bd – Quickly Go Back to a Parent Directory Instead of Typing “cd ../../..” Redundantly

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Aaron Kili

Aaron Kili is a Linux and F.O.S.S enthusiast, an upcoming Linux SysAdmin, web developer, and currently a content creator for TecMint who loves working with computers and strongly believes in sharing knowledge.

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23 Responses

  1. sandeep says:

    Single quote missing in below command:

    # echo 'alias bd=". bd -si" >> ~/.bashrc
  2. Spike says:

    I’ve written a bash function in 5 minutes that does the same, why to install a tool for such trivial things?!

    function bd {
    cd $(pwd | grep -ioP ".*$*.*?/")
  3. bac0n says:
    if [ -n "$PS1" ]; then
    cd ()
    while [[ "$*" =~ (^|/|\s)[.]{3,}($|/|/s).*$ ]]; do
    set -- "${@//.../..\/..}";
    builtin pushd "[email protected]" > /dev/null && /bin/ls --almost-all --color=auto
    # cd ... 
    # cd .... 
    # cd .....
    • Aaron Kili says:


      Good bash function, we will take time to analyze it. Thanks a ton for sharing this.

    • Spike says:

      Just made a shell function that should do the same as the presented tool. I think that my solution is prettier than yours. What do you think about this approach?

      function bd {
      cd $(pwd | grep -ioP ".*$*.*?/")
  4. Jesse says:

    Why ignore the ssl certificate?

    • Aaron Kili says:


      That is the command given on the official Github repository for the installation, try to check it.

    • Vigneshwaran says:

      Hi Jesse! I’m the author. Long time back, Github had issues with their certificate so I had to change the instructions to ignore it so wget would be able to download the file.

      You can also just copying the contents file and write to /usr/local/bin/bd using an editor like vim. :)

  5. Jouni "rautamiekka" Järvinen says:

    The backticks are obsoleted by §$(…)§ which supports nesting of commands.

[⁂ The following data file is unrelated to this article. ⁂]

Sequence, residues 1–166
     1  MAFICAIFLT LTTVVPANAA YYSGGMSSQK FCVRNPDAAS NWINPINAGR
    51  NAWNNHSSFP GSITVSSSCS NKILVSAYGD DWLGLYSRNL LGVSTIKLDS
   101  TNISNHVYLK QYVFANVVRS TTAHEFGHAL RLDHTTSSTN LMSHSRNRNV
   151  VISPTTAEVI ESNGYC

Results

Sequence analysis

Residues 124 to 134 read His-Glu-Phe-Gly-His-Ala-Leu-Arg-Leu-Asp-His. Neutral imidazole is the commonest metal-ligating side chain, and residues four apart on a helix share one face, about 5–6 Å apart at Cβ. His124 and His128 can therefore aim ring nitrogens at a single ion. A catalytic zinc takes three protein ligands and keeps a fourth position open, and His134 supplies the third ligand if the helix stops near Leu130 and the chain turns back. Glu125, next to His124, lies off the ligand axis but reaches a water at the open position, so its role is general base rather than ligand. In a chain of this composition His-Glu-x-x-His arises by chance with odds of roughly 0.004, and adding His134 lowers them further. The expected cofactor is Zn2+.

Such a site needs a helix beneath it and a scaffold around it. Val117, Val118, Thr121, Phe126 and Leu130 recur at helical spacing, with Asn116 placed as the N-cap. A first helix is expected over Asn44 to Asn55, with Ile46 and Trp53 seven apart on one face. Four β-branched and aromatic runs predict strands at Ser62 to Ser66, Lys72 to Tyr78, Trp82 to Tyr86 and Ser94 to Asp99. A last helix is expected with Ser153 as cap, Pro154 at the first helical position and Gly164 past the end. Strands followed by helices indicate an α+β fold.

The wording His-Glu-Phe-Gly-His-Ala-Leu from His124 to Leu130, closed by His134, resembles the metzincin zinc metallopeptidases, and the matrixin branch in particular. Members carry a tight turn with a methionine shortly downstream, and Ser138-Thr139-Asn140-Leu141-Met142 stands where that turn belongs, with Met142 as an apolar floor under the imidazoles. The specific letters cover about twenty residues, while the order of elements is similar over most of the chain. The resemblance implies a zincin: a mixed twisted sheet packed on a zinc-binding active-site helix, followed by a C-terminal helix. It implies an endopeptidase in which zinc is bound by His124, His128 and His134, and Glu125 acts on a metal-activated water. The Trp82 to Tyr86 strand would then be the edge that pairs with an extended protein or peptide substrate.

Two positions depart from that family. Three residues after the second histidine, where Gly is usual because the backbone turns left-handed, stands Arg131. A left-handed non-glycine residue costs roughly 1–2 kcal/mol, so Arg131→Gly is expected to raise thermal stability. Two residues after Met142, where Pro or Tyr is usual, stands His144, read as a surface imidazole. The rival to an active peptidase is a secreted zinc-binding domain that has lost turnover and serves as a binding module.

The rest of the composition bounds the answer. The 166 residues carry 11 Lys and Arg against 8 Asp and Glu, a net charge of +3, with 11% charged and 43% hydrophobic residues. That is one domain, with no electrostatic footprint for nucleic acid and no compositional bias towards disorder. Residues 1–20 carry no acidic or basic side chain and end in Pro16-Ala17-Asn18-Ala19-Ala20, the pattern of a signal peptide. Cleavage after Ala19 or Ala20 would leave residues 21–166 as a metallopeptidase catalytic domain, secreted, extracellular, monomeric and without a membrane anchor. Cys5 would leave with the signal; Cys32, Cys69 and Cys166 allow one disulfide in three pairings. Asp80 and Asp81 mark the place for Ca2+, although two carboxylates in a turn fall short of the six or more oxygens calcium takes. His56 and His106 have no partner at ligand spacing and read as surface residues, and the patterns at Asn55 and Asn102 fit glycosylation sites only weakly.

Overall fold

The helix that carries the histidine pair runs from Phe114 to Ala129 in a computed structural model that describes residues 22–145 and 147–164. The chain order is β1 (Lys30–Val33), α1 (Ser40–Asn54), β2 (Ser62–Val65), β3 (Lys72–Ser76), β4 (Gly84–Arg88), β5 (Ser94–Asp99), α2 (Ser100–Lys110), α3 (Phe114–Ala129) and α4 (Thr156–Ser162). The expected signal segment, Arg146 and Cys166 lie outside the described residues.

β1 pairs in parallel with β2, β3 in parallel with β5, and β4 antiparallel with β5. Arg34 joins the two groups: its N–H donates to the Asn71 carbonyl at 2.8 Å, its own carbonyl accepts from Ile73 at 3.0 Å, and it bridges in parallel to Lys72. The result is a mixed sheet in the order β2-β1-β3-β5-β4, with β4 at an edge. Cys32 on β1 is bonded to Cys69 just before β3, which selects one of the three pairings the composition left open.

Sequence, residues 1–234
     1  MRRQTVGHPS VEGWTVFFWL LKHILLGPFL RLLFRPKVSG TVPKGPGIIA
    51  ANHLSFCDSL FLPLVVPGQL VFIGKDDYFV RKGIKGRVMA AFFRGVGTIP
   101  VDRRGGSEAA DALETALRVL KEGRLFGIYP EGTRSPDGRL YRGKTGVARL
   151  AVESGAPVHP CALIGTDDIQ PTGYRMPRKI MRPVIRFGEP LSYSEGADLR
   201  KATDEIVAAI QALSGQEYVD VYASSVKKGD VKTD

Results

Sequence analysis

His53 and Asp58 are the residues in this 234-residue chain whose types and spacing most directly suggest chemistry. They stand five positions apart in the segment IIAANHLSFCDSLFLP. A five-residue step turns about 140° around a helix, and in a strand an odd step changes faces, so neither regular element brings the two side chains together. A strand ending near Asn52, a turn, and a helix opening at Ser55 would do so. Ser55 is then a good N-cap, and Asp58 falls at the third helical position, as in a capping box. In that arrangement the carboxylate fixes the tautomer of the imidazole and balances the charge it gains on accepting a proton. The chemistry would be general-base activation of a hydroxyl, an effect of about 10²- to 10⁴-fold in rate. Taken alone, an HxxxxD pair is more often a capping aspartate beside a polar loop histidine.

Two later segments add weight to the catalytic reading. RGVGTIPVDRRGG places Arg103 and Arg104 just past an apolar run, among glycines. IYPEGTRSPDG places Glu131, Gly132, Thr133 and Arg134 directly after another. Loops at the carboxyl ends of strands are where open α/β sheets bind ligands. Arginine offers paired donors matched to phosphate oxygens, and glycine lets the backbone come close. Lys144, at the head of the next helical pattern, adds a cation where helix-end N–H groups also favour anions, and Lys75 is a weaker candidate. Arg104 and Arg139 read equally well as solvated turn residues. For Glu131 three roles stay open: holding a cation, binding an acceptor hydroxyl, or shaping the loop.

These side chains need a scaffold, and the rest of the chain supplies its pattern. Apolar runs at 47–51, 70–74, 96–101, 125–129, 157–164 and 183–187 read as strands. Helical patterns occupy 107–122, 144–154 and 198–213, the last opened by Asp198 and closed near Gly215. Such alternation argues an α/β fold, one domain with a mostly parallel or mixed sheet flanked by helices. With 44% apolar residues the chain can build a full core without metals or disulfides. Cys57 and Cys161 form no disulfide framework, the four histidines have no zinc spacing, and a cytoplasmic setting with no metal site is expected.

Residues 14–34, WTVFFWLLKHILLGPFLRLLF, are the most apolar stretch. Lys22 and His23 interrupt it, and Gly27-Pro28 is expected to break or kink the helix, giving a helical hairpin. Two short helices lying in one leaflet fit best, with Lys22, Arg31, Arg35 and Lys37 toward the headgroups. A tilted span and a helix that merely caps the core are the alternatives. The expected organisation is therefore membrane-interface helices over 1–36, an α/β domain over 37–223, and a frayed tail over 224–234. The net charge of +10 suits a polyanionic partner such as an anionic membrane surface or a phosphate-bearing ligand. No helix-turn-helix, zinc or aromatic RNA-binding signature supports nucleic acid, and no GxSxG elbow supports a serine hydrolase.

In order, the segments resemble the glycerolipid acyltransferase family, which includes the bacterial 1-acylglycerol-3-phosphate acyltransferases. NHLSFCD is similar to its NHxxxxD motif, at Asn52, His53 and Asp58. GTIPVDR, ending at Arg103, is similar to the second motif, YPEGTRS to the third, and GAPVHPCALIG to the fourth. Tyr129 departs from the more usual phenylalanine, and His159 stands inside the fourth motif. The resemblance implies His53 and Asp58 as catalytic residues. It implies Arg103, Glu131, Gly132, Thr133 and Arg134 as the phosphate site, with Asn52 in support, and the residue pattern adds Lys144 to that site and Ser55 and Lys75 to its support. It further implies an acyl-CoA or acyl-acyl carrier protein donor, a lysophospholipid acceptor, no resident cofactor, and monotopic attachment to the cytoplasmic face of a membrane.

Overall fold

6. hackel says:

    No Do *not* install user files in /usr/bin! This is terrible advice. Put it in /usr/local/bin (that’s what it’s there for), or add a user dir like ~/.local/bin to your $PATH.

  7. Michael Eager says:

    A simpler version of this, which just steps up one level in the directory tree is:

    alias ..='cd ..;ls'

    This creates a command “..” which goes back one directory and does an “ls”. I use it all the time.

  8. Bill says:

    Please don’t suggest using wget –no-check-certificate, that should only be for internal/local use where you can be confident of no MITM attacks.

    Also, when not using your Linux package manager to install a program, you should not be using /usr/bin. For a single user you can install to a folder in your home directory like ~/bin (and add that to your $PATH). Or to make it available to all users of a system you can use /usr/local/bin.

    Never download files as root. Instead of using `sudo wget` you should use wget as a normal user, check the contents of the file and then use sudo to install it to the desired location (here /etc/bash_completion.d/bd).

    Also, there’s no need to use `sudo source` and I’m not sure it would even work. Instead just use `source` as the current user.

    You have responsibilities as a technical writer to give good examples without creating potential security issues for your readers. Please think carefully about commands given in examples.

    • Aaron Kili says:


      Yes, it is always good to share with you guys and receive useful feedback like this. We will consider all you have stressed out here. Many thanks for the heads up.

      • Flurrywinde says:

        Yes, ‘sudo source‘ does not work. Also, you show wget being used to writing the file into /usr/bin/. This needs a sudo (but like Bill says, it shouldn’t be in /usr/bin/ and should be d/led and checked first). Also, looking at the github for bd, it seems it can be installed via a package manager now:

        Otherwise, thanks for posting this article. `bd` will prove very valuable to me. Thanks!

  9. Raymond Herrera says:

    This command is really cool! I am going to install it right away. This is an excellent opportunity to remind the colleagues out there about a related set of commands: “pushd” and “popd“.

    Thanks and keep up the good work!

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